In this blog for Lost Species Day 2020, Geography PhD student Anna Guasco explores the question of: How do we tell stories and remember histories about natural history, extinction, and species endangerment in museums – and why does this matter?
Today is Remembrance Day for Lost Species, or ‘Lost Species Day’. This label memorialises dodos, thylacines, passenger pigeons, and other icons of extinction – as well as those species less known or less ‘charismatic’. This mournful provocation – to remember those species who have been ‘lost’, particularly in anthropogenically-driven extinctions – raises as many questions as it answers. Why remember lost species? What are different ways to remember lost species? And why does it matter how we remember lost species?
As a PhD student studying historical and contemporary human-animal encounters, these questions fascinate me. I’m interested in questions of justice, memory, and the intersections of cultural and natural histories. In a recent, open-access article, I looked at museum storytelling about extinction, arguing that museums can explore complex and challenging topics about justice in a time of extinction. I’m particularly concerned with how storytelling about extinction often portrays a homogenous, vilified humanity, without much thought to the different ways in which ‘we’ have experienced both the causes and effects of contemporary mass extinctions.
This is just one example of the way in which narrating extinction is complicated and challenging – extinction is not nearly as straightforward as one might think. There are difficult scientific questions about extinction – when did a species go extinct? Which was the last individual of a species? How do we identify what’s driving extinction? Is a particular extinction part of natural balances, or is it part of the trend of a rising imbalance of extinctions? But what makes extinction a challenging concept isn’t just the scientific questions it entails. Extinction is also a cultural, social, political, and economic issue.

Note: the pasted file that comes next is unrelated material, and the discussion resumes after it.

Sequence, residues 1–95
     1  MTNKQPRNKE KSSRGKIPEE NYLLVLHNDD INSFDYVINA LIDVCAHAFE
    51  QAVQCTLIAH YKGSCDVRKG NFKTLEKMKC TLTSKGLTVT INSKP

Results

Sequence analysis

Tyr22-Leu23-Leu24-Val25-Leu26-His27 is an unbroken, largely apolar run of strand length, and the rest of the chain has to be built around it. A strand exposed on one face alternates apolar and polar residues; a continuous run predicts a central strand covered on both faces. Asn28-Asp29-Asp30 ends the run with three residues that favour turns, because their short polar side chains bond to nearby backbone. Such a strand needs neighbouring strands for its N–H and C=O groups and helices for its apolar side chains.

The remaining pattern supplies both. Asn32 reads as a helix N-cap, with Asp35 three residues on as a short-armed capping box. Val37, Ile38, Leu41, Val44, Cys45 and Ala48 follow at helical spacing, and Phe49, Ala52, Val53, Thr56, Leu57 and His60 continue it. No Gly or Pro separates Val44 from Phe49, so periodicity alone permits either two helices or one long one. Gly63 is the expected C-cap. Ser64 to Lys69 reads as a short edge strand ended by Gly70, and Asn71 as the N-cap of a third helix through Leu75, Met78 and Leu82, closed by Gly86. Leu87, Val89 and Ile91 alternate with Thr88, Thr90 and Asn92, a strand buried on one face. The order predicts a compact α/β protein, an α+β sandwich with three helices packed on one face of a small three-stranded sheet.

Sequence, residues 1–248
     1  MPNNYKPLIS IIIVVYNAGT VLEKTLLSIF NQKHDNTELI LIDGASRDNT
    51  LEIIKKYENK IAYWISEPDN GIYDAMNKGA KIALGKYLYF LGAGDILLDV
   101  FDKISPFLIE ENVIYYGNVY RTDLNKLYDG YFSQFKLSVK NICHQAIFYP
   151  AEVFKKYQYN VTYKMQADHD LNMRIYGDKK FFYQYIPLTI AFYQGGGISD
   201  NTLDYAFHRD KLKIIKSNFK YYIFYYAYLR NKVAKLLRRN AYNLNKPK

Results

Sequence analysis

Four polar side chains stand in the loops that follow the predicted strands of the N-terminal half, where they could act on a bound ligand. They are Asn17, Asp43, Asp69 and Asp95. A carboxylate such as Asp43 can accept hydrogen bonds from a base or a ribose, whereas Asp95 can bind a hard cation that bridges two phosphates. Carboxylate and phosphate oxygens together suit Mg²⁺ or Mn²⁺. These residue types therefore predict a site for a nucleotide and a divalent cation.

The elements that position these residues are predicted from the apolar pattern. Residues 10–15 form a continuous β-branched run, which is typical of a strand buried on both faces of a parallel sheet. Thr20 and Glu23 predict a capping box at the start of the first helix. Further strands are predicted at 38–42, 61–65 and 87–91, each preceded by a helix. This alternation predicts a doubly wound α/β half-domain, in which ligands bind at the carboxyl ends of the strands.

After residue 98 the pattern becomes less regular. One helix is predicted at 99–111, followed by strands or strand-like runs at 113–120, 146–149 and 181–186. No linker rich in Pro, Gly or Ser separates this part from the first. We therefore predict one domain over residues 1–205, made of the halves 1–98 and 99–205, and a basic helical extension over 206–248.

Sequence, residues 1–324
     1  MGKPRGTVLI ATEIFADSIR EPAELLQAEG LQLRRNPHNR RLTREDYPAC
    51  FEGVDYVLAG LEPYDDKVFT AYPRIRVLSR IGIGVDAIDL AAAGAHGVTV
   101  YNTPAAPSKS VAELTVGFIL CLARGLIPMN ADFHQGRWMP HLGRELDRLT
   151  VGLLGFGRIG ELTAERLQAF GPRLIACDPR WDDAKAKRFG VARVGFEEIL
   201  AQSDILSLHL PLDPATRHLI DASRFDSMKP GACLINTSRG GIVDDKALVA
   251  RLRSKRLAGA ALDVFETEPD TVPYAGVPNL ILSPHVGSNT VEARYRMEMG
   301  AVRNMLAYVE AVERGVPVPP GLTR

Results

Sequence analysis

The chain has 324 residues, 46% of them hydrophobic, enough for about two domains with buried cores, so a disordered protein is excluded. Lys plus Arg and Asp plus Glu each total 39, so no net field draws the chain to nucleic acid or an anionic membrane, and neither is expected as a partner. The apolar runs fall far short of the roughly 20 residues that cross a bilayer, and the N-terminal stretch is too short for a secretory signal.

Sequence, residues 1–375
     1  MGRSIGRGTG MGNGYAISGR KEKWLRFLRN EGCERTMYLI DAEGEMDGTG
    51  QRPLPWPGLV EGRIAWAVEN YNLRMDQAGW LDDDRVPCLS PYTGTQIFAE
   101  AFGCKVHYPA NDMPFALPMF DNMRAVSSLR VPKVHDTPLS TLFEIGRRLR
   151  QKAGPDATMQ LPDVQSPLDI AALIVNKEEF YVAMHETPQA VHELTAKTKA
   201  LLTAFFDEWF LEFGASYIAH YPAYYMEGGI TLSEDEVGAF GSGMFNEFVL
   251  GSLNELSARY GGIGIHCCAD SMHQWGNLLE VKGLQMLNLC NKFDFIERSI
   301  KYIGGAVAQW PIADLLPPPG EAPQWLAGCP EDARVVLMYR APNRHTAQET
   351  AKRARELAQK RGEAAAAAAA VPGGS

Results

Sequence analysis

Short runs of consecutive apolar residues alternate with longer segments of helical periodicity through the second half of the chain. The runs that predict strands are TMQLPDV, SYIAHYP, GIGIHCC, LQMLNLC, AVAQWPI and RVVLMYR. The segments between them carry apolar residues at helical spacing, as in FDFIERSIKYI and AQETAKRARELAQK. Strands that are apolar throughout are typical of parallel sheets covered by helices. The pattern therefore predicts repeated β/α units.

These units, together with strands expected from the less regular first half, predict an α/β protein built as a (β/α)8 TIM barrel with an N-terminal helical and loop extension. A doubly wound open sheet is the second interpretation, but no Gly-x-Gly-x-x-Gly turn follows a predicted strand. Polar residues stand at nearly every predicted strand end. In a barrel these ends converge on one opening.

In honour of Lost Species, and to continue thinking about how museums remember zoological histories and narrate extinction, I talked with the Museum of Zoology Assistant Director, Jack Ashby. One of the first things Ashby mentioned was that extinction, as well as every other topic in the Museum of Zoology, doesn’t actually fit neatly into the categories of ‘natural’ or ‘cultural’ (even though the traditional museum approach is to separate these topics into separate institutions). As Ashby points out, “A scientific collection is always a cultural collection”.
In addition to acknowledging the cultural shaping of display specimens, museums can explore their own cultural and social histories. This is particularly important in the context of extinction because the rise in anthropogenically-driven species loss cannot be separated from other global and local human histories: histories of colonization, imperialism, enslavement, and more. These events in human history are intertwined with ecological histories.
One way that the Museum is working on understanding and acknowledging these entwined social and ecological histories is through the new Legacies of Empire and Enslavement Project, run by the University of Cambridge Museums to align with the Inquiry into the Legacies of Enslavement at Cambridge, launched in early 2019. The Museum of Zoology, instead of solely using their collections for scientific research, is examining the social histories of its collections. This, according to Ashby, is challenging, in part because “those stories aren’t very readily accessible because the human story of the specimens is often not very well-documented”. It’s “a lot harder because no one’s ever really looked for them in this museum before…”.